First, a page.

Consider some of the things that might make it hard for people to engage in a process of self-help or self-management. Can you identify what could help to address this and support people to engage in self-help and self-management?
Sometimes, people have to think about and reflect on a time of crisis or distress. While this can help them to gain more control in future crises, it can also be difficult and painful to look back to when things were at their worst.
It is important to have skilled facilitators who can support people to work through this type of reflection — particularly if the facilitators have worked through similar challenges themselves. Some people also find it hard to take a structured approach to planning their recovery because the tool or approach being used doesn’t fit their view of the world or their experiences. The actual tool or approach being used is not as important as whether this works for the person.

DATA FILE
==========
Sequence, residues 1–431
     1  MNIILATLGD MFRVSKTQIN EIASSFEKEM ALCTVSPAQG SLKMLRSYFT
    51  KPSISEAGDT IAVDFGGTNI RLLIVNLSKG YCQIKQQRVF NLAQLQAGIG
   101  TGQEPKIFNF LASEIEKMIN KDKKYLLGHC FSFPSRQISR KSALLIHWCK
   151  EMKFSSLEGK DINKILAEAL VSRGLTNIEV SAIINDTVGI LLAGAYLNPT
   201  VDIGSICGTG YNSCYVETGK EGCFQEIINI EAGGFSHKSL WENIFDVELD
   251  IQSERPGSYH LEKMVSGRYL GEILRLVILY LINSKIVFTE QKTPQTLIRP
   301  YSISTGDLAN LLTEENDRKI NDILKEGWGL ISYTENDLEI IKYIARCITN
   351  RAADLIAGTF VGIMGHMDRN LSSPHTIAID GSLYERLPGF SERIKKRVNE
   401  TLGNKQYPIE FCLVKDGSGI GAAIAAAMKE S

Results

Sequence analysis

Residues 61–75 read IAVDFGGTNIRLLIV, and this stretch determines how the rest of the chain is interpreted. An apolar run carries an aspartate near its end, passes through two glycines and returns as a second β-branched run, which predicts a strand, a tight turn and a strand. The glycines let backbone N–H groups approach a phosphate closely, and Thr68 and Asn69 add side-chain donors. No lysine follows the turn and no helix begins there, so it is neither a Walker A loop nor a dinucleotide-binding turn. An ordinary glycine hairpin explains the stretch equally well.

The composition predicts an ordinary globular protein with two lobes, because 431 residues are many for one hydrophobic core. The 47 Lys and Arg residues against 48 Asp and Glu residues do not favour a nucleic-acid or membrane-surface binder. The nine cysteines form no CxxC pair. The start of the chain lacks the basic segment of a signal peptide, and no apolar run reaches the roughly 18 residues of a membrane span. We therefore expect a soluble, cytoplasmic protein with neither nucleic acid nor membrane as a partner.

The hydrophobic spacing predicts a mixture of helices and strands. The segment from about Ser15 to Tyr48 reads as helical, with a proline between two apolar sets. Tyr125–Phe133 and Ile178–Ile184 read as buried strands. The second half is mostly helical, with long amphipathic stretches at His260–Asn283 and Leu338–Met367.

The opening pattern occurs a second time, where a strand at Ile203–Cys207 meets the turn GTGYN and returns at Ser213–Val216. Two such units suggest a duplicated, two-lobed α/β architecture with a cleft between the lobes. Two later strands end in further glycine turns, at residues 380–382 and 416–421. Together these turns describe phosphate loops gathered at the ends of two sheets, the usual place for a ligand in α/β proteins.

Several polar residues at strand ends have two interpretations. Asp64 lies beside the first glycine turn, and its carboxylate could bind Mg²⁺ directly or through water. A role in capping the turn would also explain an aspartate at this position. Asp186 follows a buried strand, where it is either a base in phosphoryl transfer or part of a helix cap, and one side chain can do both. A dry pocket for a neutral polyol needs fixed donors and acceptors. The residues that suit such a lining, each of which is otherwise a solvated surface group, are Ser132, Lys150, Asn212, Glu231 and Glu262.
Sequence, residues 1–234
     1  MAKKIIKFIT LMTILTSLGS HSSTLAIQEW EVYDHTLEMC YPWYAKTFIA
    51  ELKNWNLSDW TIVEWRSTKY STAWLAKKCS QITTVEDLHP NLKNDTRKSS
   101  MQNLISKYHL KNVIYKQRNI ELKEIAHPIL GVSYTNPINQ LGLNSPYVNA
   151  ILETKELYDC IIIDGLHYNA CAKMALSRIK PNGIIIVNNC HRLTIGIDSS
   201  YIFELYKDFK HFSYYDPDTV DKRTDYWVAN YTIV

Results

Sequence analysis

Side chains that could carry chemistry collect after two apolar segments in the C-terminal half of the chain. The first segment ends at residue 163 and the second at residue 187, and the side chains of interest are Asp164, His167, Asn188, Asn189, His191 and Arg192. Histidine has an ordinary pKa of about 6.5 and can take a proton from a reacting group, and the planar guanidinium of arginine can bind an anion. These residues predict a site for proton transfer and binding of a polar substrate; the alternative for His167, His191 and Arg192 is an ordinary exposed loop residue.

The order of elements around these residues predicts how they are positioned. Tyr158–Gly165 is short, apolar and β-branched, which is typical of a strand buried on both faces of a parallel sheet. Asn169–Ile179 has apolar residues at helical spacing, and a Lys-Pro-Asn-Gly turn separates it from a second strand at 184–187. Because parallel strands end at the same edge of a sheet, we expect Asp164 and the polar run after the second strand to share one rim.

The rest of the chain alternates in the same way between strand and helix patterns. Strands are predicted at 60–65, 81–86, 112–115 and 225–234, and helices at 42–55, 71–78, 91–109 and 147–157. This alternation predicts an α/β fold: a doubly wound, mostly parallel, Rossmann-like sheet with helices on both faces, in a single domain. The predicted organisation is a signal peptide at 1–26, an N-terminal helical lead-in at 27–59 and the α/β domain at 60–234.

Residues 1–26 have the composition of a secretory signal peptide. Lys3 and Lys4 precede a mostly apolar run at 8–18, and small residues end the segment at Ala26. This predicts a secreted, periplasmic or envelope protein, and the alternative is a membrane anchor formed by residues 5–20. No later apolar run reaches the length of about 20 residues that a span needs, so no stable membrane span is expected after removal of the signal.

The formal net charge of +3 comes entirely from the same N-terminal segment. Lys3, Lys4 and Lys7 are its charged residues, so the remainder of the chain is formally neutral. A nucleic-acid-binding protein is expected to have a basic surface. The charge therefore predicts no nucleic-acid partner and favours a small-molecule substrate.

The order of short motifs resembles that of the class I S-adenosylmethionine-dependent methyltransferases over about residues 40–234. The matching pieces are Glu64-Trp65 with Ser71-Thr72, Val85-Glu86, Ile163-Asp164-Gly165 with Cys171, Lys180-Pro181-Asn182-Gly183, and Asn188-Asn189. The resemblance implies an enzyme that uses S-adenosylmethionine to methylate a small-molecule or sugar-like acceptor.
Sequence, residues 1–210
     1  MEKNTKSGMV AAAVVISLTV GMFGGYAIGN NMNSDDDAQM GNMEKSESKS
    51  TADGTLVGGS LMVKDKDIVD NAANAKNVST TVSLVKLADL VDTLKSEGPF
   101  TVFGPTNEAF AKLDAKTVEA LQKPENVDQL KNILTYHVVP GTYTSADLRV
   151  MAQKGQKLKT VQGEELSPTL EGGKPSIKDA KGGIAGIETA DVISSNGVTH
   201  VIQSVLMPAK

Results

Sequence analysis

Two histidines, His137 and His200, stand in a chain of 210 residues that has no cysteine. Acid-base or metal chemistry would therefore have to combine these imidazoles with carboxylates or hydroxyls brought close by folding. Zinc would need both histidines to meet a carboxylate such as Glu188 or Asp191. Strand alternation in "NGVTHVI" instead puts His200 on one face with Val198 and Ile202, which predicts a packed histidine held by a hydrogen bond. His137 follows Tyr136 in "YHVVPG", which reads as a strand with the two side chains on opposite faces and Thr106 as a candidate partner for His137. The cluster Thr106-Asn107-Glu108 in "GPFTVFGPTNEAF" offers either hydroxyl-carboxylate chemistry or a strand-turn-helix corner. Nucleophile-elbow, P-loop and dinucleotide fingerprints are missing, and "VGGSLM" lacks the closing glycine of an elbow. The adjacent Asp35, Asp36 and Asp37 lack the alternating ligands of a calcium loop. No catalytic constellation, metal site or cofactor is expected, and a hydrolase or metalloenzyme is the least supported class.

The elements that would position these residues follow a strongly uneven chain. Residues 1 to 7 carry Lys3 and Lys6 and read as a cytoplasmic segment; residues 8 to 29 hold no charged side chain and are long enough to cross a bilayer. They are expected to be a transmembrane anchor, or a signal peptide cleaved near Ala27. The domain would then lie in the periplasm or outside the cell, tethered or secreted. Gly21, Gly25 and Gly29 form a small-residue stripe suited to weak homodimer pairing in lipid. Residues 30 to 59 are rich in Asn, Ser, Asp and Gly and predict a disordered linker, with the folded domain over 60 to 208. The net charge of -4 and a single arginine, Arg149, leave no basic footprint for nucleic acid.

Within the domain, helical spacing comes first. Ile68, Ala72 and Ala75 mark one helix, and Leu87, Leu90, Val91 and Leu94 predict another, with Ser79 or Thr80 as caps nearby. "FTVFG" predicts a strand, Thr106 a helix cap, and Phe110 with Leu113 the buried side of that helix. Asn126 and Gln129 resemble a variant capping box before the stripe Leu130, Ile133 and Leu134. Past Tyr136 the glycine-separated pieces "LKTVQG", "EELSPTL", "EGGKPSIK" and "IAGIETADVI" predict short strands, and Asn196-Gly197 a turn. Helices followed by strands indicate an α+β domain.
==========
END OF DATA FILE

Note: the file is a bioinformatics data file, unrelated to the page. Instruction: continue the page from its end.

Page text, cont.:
People are unique as is recovery so no one tool or approach will be suitable for everyone. It is important for there to be choices for people.
Other people just don’t feel ready for this type of approach. Their experiences could be too raw or difficult, and the solution here would be to find a better time when they do feel ready.
Self-help and self-management approaches are often shared in groups and for some people the idea of discussing their experiences in a group setting is be off-putting. Some people might find it hard to connect to others in the group or feel that they don’t have enough in common.
They might also feel that they are in a different place in their recovery from other group members. For these people, working through a book, working one- to-one with someone or completing an online course are possible alternatives.
It is also worthwhile remembering that recovery is a journey and what works for people and what they feel they can engage in will change over time.